Following the mid-year announcement, the Atom repository was archived on December 15, ending an era for this widely used text and source code editor.
Atom is a cross-platform, free, open-source text and source code editor, built on Electron, with support for plug-ins and embedded Git Control, developed by GitHub. Due to its flexibility and customization ability, Atom has been a popular choice for developers in the last eight years. But, unfortunately, his life cycle has come to an end.
Microsoft acquired GitHub in June 2018. However, despite early claims that it would continue the development of the Atom editor, Microsoft changed its course six months ago. As we informed you earlier, in the middle of this year, the company announced that the Atom project would be discontinued on December 15, 2022, in favor of Visual Studio Code.
The day has come, and unfortunately, it is already a fact. When you browse the Atom GitHub repository, you will get the message, “This repository has been archived by the owner on Dec 15, 2022. It is now read-only.“
It means that the users of the project are not able to modify the Git repository of the project. That is, developers can make no changes to the existing code base. In other words, the project is now only available for historical purposes and could be cloned to fork it into another project.
The situation is the same on the project’s main website – https://atom.io. When you try to open it, the domain redirects to the official GitHub blog, which informs you about its end of existence.
What else can we say than that this is a sad day for the Open Source community? However, as is nearly always the case, the end of an era is usually followed by the beginning of a new one. And a new beginning comes in the form of the rising star of Atom’s replacement, Pulsar.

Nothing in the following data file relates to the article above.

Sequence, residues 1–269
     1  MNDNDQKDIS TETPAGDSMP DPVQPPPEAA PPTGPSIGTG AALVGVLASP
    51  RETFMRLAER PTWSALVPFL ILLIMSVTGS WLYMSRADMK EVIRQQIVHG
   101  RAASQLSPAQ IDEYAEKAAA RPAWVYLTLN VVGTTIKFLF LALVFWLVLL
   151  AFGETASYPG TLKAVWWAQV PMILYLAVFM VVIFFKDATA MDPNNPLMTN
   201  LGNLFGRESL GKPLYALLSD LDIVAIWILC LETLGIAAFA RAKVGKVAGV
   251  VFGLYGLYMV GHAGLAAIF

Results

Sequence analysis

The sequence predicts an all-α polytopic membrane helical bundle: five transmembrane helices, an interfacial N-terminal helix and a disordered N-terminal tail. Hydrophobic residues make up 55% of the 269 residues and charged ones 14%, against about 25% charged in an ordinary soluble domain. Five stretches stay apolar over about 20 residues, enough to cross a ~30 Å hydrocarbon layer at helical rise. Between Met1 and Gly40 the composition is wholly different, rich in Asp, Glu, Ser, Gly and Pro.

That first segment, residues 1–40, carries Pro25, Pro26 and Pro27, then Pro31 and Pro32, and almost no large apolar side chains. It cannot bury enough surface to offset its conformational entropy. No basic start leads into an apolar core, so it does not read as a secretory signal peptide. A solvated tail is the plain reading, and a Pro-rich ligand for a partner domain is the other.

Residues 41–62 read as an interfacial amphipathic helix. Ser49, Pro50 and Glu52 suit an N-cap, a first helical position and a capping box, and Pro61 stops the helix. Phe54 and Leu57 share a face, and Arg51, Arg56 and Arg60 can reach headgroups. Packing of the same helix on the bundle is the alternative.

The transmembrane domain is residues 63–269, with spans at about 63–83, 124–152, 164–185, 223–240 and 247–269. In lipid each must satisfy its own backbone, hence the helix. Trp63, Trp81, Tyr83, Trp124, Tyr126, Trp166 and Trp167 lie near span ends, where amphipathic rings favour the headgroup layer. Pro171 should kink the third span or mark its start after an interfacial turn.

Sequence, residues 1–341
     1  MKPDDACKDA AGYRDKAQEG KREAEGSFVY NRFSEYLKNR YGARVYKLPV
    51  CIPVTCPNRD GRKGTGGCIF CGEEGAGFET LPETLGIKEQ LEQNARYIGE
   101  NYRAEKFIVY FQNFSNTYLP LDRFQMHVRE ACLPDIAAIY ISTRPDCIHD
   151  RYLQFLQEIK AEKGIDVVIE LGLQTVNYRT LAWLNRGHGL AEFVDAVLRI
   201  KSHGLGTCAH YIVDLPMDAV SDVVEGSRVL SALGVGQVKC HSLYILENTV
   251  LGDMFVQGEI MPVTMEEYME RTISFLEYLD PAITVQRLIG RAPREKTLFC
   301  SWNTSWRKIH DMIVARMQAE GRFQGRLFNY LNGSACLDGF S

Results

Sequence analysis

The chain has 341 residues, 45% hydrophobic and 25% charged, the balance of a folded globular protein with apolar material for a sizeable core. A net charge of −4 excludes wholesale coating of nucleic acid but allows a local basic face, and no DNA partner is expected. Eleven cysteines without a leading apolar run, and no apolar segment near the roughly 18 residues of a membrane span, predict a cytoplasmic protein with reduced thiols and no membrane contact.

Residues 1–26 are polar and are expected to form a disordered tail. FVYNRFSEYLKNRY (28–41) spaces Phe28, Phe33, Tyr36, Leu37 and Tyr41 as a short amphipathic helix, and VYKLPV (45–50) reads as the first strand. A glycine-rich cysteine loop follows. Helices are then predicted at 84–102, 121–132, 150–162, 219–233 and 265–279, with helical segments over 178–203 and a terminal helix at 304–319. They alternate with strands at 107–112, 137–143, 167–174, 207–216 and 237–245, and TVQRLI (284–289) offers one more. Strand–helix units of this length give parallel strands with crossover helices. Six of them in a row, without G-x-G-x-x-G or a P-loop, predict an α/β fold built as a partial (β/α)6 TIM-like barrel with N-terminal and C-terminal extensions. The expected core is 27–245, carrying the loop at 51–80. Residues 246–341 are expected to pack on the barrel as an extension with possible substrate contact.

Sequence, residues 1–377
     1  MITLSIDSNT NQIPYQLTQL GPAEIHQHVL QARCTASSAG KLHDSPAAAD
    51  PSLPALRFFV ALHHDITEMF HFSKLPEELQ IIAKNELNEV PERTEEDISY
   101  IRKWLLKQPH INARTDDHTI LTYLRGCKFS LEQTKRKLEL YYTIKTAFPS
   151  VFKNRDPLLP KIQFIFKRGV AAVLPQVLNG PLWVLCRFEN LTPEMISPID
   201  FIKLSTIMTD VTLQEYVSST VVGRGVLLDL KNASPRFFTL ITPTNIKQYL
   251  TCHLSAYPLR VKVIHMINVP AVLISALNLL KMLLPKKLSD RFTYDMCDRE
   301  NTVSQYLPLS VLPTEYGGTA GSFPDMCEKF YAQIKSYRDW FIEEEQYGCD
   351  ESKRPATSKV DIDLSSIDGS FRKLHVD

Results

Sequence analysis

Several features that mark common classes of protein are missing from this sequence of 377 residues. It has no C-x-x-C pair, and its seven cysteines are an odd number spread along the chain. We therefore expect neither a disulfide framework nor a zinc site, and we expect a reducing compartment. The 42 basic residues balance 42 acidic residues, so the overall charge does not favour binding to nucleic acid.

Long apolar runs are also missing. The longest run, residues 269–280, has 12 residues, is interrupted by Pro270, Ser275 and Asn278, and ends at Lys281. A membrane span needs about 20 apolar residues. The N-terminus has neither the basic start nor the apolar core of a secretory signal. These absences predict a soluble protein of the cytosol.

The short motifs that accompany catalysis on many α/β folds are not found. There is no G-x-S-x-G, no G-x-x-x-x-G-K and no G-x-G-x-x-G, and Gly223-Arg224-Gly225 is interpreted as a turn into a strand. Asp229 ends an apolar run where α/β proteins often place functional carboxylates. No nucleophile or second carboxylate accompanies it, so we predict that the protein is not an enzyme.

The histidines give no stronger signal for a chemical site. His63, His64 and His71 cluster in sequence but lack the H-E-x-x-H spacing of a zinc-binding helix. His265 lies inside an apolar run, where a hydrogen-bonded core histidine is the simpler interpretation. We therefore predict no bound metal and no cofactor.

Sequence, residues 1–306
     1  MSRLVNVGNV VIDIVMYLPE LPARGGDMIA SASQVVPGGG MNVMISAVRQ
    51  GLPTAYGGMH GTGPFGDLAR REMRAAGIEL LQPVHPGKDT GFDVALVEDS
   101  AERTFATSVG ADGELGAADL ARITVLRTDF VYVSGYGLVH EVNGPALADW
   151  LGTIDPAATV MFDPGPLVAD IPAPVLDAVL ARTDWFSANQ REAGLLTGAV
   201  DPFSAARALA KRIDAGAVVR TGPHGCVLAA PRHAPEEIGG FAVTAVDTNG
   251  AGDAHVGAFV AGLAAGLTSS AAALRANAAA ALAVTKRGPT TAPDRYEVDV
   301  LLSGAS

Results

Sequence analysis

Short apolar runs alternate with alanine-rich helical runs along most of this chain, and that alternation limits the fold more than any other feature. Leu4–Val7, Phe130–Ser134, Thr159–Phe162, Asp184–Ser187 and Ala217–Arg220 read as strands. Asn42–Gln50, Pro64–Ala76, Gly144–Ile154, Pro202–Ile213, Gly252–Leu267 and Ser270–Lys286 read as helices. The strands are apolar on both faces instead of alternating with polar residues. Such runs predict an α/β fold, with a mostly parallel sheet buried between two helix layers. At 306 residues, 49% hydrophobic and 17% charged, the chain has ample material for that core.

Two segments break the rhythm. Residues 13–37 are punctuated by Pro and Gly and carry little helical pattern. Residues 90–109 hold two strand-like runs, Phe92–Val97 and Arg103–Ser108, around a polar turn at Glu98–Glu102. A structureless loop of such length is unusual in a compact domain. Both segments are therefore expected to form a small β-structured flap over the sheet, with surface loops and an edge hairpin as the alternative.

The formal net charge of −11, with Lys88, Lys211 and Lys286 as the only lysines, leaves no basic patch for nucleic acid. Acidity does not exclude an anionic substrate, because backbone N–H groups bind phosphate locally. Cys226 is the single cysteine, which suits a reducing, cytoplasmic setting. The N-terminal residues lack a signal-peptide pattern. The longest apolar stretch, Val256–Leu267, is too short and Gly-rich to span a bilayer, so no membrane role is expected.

The team behind Pulsar is a community that came about naturally after the announcement of Atom’s Sunsetopen in new window and decided that they needed to do something about it to keep their favorite editor alive.
Pulsar is Atom’s natural successor, attempting to fill the void left by Atom while expanding its capabilities. It is a free community-led project built on Electron, providing features offered by Atom, such as a built-in package manager, smart autocompletion, file system browser, multiple panes, etc., and building on top of them.
Like Atom, Pulsar is a cross-platform application that users can install on Windows, Linux, and macOS. In addition, Linux users can download RPM and DEB installation files and the popular distro-independent AppImage format.
Finally, the Pulsar project is still in its early stages, and application bugs may have yet to be fixed. For more information, you can visit the project’s GitHub repository.